This is the text of a ‘Credo’ column I wrote for the Newark Advertiser and which appeared in today’s edition.
Many of us, whether Christian or not, have heard the Bible story of David and Goliath. The young boy David fights the Philistine giant Goliath. No one thinks he has a chance, but David kills the giant with his sling. The term ‘David and Goliath’ has gone on to be used in describing any situation where an underdog triumphs over a stronger opponent, particularly in a sporting context.
This is not the last time we read about David in the Bible. In fact he goes on to be Israel’s greatest king, winning favour with God. The Jews were looking for their messiah to be a new King David. Later Jesus was to be known as a ‘Son of David’ and the gospel writer Matthew and Luke both made much of the assertion that Jesus was a descendant of David.
So what was so good about David? Well it was David who united the nation and established Jerusalem as the capital. He subdued Israel’s enemies, including the Philistines. He also wrote many of the worship songs known as the Psalms, which are still used today. Truly a great king and an example to us all.
But what’s this we read? Could it be this same David who, seeing the beautiful Bathsheba taking a bath, and despite knowing that she was already married to a man named Uriah, had his servants bring her to him, slept with her and made her pregnant? And who then arranged for Uriah to be sent away to fight in the front line of the army with an instruction that his commanders let him be killed?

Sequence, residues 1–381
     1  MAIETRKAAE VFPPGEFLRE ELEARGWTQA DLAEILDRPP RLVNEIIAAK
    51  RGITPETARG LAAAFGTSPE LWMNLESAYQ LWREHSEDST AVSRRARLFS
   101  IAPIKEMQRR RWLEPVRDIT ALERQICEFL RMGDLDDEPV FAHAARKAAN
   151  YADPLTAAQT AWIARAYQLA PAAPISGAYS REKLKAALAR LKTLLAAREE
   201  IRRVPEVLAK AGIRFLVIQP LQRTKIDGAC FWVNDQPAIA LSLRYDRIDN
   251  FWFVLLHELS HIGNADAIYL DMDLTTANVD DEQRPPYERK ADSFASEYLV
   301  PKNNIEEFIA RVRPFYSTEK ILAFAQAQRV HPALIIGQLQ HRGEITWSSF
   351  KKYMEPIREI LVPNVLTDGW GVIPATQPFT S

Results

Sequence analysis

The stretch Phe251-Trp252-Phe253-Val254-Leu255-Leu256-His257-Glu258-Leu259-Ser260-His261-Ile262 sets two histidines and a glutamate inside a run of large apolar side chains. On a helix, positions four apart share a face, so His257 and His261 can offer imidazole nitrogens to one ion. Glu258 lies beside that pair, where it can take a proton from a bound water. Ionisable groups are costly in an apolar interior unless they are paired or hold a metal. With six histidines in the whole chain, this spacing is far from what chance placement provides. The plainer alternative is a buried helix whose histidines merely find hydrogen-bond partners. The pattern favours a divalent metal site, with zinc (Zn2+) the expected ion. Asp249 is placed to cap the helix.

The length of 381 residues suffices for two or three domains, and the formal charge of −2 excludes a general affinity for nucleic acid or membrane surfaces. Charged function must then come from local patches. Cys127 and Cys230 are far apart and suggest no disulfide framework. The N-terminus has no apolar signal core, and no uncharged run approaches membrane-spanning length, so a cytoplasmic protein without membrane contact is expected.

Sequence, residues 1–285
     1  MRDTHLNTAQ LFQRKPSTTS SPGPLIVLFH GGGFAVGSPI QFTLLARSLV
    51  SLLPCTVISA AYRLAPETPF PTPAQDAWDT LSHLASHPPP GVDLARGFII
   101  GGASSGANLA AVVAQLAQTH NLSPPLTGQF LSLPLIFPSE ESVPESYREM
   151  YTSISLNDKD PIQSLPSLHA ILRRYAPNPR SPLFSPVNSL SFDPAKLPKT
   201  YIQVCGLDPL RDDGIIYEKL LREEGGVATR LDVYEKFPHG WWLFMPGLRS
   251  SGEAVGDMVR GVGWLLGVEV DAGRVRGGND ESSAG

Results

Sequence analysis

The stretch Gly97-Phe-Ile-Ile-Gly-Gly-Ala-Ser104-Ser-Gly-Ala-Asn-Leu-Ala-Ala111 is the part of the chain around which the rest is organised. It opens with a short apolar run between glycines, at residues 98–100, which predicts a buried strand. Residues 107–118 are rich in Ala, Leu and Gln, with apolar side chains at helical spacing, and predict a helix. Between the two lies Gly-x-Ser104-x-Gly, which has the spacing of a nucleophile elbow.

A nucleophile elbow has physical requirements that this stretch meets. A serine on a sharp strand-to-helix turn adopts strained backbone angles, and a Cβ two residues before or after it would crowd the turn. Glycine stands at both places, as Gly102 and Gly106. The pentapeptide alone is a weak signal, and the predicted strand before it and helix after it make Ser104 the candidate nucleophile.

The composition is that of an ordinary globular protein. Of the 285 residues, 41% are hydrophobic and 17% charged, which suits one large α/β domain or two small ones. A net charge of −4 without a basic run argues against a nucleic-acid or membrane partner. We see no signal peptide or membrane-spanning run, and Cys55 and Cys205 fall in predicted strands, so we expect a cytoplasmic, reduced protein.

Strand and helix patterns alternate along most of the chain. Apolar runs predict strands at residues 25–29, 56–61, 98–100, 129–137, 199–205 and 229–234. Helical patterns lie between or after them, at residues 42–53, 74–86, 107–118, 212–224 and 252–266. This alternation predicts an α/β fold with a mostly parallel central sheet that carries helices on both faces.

Well yes it was indeed the same David. An adulterer and a murderer. Hardly the type of person to look up to and emulate.
Of course David was a human being. Just like you and me he had his good points and his not so good points. He couldn’t claim to be perfect, and neither can any of us. But he could still be used by God.
Sometimes people look at Christians and don’t like what they see. They see that Christians aren’t always living up to their own ideals. They hear of Christians that do all sorts of things wrong. They read of church leaders getting drunk and violent, or taking drugs, or absconding with church funds, and rightly condemn these acts.
But the thing is – being a Christian doesn’t make you perfect and no true Christian would claim to be. Just like David, Christians have their virtues and their vices. As St Paul wrote ‘all have sinned and fall short of the glory of God.’
So don’t think you need to be an especially good type of person to go to church. Just come along and join the rest of us sinners – we’d love to see you. And God will find a use for you too.